An inclusive workplace is better for everyone — not just those with disabilities.
The more diverse your workforce, the broader the range of talent, insights, and innovation that you are inviting into your company. A diverse workforce is also much more likely to understand and cater to a varied customer base, ensuring that your company reaches the widest audience possible.
Supporting those with disabilities and different needs in the workplace is also an ongoing effort — it is not simply about ‘ticking boxes’ or meeting requirements. A genuinely inclusive workplace should have support, adaptability, and communication built into its very core.
Current studies show that nearly one in five people has a disability. This may be an invisible disability, like a long-term health condition, mental health issue, or disorder such as dyslexia or dyspraxia. It could also be a more obvious impairment, like hearing loss, sight loss, or a physical disability, for example.
Disabilities are as varied as people, and it is important for employees and employers to feel they can have supportive conversations around these topics. Beyond the requirements of the Equality Act — which states employers have a duty to ensure that employees with a disability are able to work effectively — there is so much more that can be done.
In this article, you’ll learn five key ways you can help to create a more inclusive workplace in your own business.
1. Adapt The Environment
You can support those with disabilities in the workplace by adapting the working environment physically. It can be especially helpful to first discuss with employees any individual needs they may have, and what would best support them in their work.
Changes can be as simple as removing physical barriers and obstacles, rearranging certain areas, or adjusting desk and seating arrangements. Alternatively, more in-depth alterations might be required – such as introducing specialist working equipment or computer software, for example.
Professional advice is available — as well as financial support if you are eligible. Not all modifications need to be costly or substantial, and even small changes can have a big impact.
2. Make Information Accessible
Many people with disabilities in the workplace have found that information can be shared in a way which is not always accessible to them. For employees with sight loss, for example, emails or bulletin boards may not be the best way to receive crucial information.
Consult with colleagues and employees about what is the best way to communicate information with them, and whether they require the details presented in a different format.
Sharing information consistently and in a variety of accessible forms is not only vital for ensuring everyone feels included, it is also key for high productivity and good overall communication in the workplace.
3. Perform Regular Reviews And Foster Dialogue
Maintaining an inclusive workplace is often an ongoing project – constantly adapting and changing the space to support the needs of new personnel. Part of facilitating this is creating an open dialogue, where everyone has the opportunity to voice their concerns, questions, or feedback about what is working well – and what needs improvement.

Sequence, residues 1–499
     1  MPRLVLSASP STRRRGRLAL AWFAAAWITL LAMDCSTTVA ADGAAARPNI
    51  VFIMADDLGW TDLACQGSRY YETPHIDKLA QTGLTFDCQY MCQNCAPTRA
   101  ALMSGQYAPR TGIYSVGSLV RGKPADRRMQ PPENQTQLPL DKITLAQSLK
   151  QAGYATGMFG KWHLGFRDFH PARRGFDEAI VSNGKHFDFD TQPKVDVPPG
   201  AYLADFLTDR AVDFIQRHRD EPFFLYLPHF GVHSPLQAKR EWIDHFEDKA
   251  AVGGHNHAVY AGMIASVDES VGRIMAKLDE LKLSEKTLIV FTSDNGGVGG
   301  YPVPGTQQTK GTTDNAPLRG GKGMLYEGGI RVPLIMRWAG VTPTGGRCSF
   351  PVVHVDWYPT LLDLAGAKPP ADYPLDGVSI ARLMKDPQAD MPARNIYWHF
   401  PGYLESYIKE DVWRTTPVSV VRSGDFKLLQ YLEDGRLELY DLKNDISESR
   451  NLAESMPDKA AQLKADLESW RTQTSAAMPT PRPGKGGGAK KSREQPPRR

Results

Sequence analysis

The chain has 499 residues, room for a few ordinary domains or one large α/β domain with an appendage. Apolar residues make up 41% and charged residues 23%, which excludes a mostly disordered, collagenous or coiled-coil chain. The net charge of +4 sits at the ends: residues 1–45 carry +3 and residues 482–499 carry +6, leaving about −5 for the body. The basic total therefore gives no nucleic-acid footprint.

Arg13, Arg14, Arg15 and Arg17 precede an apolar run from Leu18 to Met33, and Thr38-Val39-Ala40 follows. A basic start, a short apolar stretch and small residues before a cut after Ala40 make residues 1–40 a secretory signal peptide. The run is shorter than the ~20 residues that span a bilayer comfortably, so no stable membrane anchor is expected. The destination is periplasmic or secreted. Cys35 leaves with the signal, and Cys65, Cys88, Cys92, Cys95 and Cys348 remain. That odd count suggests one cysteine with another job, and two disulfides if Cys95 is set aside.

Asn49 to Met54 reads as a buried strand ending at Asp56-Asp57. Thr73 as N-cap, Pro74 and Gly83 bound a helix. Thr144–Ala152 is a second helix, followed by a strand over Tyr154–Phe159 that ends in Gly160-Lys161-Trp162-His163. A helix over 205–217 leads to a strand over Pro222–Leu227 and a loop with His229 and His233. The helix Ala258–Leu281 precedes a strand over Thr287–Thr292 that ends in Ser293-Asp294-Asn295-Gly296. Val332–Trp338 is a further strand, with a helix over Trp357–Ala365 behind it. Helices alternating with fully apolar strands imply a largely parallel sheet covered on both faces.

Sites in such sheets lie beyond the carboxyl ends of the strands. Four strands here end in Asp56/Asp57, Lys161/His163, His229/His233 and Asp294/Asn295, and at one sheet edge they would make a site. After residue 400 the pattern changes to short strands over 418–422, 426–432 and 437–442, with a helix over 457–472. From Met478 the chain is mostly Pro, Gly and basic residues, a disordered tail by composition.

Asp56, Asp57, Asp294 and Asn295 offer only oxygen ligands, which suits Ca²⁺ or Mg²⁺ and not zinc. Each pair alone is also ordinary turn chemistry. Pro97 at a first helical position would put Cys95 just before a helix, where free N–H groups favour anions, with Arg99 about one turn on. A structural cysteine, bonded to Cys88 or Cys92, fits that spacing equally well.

It can be helpful to schedule regular reviews or workshops to assess whether the workplace is as accessible and inclusive as it could be, and what the best ways to support people going forwards are.
Employees should be encouraged to feel confident in approaching their employer with suggestions or concerns. Happy employees who feel heard and supported are more likely to be loyal, productive, and creative in the workplace.
4. Train Your Staff And Build Awareness
Consider having trained healthcare professionals on site — especially ones qualified in mental health first aid.
A greater understanding of mental health in the workplace has been a crucial development in recent years, leading to millions of employees receiving far greater support.
Of course, having trained professionals on the team is especially helpful, but so is fostering an overall culture of sensitivity and awareness around disabilities in the workplace. This can be encouraged through additional
courses, training, or educational workshops.
Sensitivity, positivity, and high levels of awareness are all important to nurturing an inclusive workplace — especially for understanding areas such as invisible disabilities, or mental health issues.
5. Offer Flexible Working Options
Everyone can benefit from more flexible working options, but for those with disabilities this can be especially crucial.
Flexible working options might include working from home on certain days, staggered start or finish times, as well as phased return to work options — such as after an accident, or a medical procedure.
Studies have shown that flexible working options do not have to be erratic or disruptive in any way. On the contrary, they have often led to more productive, satisfied workforces, and stronger results over time due to improved energy levels, a better work-life balance, and higher job satisfaction.
Offering a more inclusive and accessible workplace will also benefit you in terms of the calibre of candidates you will attract to job roles, and in the quality of work they will produce.
For more resources and further advice, be sure to visit specialised websites such as AbilityNet, the government’s Access to Work programme, and the relevant sections of the Equality Act.